The presidential palace also overlooks the Bridge of Peace, which crosses the Kura River to connect Old Tbilisi with the newer district surrounding the presidential palace:
LED arrays on the Bridge of Peace provide quite a light show at night… At times, the bridge lights up in waves from one side of the river to the other. At other times, the pattern begins with a band of light at either end, continuing from either direction until the light meets in the middle, and fading to black before starting over. The third program starts by lighting the outer fixtures on the roofline, then briefly illuminates the entire canopy before going entirely dark. The fourth program makes the roof flicker like stars as different groups of fixtures light and dim across the entire bridge length. Additionally, a message in Morse code that renders the periodic table of elements goes across two parapets every hour:
This is Republic Square… The hotel in the background was long inhabited by refugees from the Abkhazia conflict, who were finally given $7,000 per family by the government to leave so that the hotel could be converted into a Radisson:
There’s always something going on in the center of the city… In this case, a significant protest:
Once you get out of the main city center and into the surrounding neighborhoods you can get into “real” Tbilisi which is much less polished, but much more visually interesting:
When I say “less polished”, I mean that some of the buildings look like they could collapse at any time:
But look around! Aren’t these neighborhoods great?
Most of these streets are barely wide enough for a Mini Cooper to squeeze through:
The constant activity and the late hours are not restricted to the center of the city. Even in outlying nerighborhoods shops are always open very late, so it is not uncommon to need to wake a shopkeeper up so that they may assist you. I felt bad doing so initially, but that is the custom and they appreciate the business:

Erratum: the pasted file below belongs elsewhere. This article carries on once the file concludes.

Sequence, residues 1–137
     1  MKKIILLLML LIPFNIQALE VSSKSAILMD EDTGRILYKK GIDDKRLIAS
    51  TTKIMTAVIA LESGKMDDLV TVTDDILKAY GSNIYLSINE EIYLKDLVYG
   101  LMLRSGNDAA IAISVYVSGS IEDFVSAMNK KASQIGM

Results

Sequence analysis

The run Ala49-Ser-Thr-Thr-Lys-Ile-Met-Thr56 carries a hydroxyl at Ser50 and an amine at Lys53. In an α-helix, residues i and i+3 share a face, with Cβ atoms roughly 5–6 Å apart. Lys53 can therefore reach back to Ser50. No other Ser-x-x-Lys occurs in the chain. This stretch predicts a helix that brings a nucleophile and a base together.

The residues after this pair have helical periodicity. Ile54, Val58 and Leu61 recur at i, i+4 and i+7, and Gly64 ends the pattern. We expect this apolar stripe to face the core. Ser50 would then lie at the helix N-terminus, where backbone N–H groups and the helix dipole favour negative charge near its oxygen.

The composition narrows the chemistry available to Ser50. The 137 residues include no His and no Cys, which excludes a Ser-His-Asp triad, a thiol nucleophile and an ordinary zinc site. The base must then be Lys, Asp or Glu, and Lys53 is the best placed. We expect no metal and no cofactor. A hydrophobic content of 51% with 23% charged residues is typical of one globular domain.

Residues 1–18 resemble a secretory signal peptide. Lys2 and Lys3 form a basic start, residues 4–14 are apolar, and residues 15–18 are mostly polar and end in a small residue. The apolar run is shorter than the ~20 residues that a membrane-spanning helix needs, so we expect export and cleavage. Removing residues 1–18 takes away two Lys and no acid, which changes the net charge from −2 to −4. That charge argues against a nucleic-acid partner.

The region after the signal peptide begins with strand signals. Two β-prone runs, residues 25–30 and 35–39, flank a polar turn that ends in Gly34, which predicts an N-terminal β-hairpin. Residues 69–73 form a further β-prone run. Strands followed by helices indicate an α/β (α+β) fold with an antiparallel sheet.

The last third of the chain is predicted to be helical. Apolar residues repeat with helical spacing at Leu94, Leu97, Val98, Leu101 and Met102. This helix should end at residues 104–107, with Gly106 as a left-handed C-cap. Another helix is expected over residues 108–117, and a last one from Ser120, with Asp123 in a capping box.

There’s an abundance of cheap cafes back in these neighborhoods where you can sample khinkali – Georgian dumplings embedded with spicy meat:
Houses spilling down the steep hills surrounding Tbilisi… You can see the TV Tower in the background:
Contrasting the neighborhoods shown above and on the outskirts of the city (often interspersed with crumbling Soviet-style apartment blocks) are examples of the ultra-modern:
It’s a curious mix of a city, but that is part of its appeal…
It’s difficult to say what Georgia’s capital city will be the capital of in the future… Georgia lost Abkhazia and South Ossetia to Russian occupation during the August 2008 war. And there remains concern about the secessionist region of Ajara, otherwise known as the Autonomous Republic of Ajara, which violently rejected Saakashvili’s government in 2004 after the Rose Revolution.
The region was brought back into the Georgian fold after a mini-Rose Revolution took place in Ajara, but the fear remains that Ajara could rise up again. Tbilisi especially wants to keep Ajara under its control because it is home to the large port of Batumi, and many of Georgia’s transport routes to Turkey run through it. If Ajara rises up, there are rumors in the area that its neighboring secessionist region, Samtskhe-Javakheti, will join in to help destabilize Saakashvili and the government. Having already lost its northern secessionist regions to Russia, Georgia is highly concerned with its southern regions trying to break away.